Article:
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© K. Melican.
Human microvessel (red) colonized by N. meningitidis (green).
Publication : Microvascular research

Muscle endothelial-dependent microvascular dysfunction in adulthood due to early postnatal overnutrition

Scientific Fields
Diseases
Organisms
Applications
Technique

Published in Microvascular research - 29 Mar 2012

Leite RD, Kraemer-Aguiar LG, Boa BC, Cyrino FZ, Nivoit P, Bouskela E

Link to Pubmed [PMID] – 22484032

Microvasc. Res. 2012 Jul;84(1):94-8

The aims of our study were to investigate effects of postnatal overnutrition, obtained by restricting the number of pups per litter, on microcirculatory reactivity, fat depots, its total percentage and lipid profile. Microvascular reactivity was evaluated in the cremaster muscle of 24 hamsters divided into four groups, with 6 animals in each one: normal (NL) and restricted (RL) litter groups, both at 6th and 21st weeks of age. The NL group had 8-9 pups and the RL 3 pups per litter and to avoid the litter effect, only one animal was used per litter. The results have shown that the RL group had higher velocity of weight, body mass and fat gain compared to the NL one at weeks 6 and 21. Significant differences were also observed on urogenital fat depot, total cholesterol and low density lipoprotein between groups. At the lowest concentration of Ach, the RL group showed smaller arteriolar dilatation at the 21st than at the 6th week [5(3-13) vs 19(8-40)%, p<0.01] while the NL one did not show any difference within the group. The highest concentration of Ach at the 21th week pointed to endothelial-dependent microvascular dysfunction in RL compared to NL [3(8-26) vs. 13(8-26)%, p<0.05]. Endothelial-independent microvascular reactivity was similar between groups. Our data suggest that postnatal overnutrition is associated to muscle endothelial-dependent microvascular dysfunction, greater body mass and total percentage of fat and impaired the lipid profile. In conclusion, the imprinting promoted by this experimental model of obesity was able to influence microvascular reactivity later in life.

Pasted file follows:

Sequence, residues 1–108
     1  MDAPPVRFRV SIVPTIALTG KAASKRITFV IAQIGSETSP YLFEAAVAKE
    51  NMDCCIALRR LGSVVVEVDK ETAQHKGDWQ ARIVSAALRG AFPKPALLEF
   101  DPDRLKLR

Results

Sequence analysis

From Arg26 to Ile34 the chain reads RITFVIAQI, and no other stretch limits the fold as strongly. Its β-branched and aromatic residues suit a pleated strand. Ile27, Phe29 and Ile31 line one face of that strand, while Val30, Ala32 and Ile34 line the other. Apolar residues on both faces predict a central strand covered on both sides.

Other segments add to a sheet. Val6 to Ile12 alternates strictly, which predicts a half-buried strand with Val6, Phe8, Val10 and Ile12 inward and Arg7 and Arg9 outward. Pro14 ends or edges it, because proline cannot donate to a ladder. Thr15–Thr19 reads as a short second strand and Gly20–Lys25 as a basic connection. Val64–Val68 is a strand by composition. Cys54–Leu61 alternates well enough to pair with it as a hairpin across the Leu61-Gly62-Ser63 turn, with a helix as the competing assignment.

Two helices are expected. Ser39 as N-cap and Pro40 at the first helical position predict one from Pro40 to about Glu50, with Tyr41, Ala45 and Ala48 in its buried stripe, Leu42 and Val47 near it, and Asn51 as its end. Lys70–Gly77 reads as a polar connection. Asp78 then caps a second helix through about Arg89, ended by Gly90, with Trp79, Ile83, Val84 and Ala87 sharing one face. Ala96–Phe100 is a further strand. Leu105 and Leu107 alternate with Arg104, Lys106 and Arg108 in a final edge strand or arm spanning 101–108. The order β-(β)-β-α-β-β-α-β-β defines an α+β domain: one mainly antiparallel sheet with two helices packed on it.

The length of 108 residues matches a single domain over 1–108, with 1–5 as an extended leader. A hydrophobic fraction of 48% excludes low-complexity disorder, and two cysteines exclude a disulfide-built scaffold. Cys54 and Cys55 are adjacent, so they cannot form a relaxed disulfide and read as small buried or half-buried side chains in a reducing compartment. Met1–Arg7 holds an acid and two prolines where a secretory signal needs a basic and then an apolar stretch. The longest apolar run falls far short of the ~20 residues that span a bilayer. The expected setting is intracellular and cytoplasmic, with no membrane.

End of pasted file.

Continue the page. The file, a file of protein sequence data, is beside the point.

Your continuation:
http://www.ncbi.nlm.nih.gov/pubmed/22484032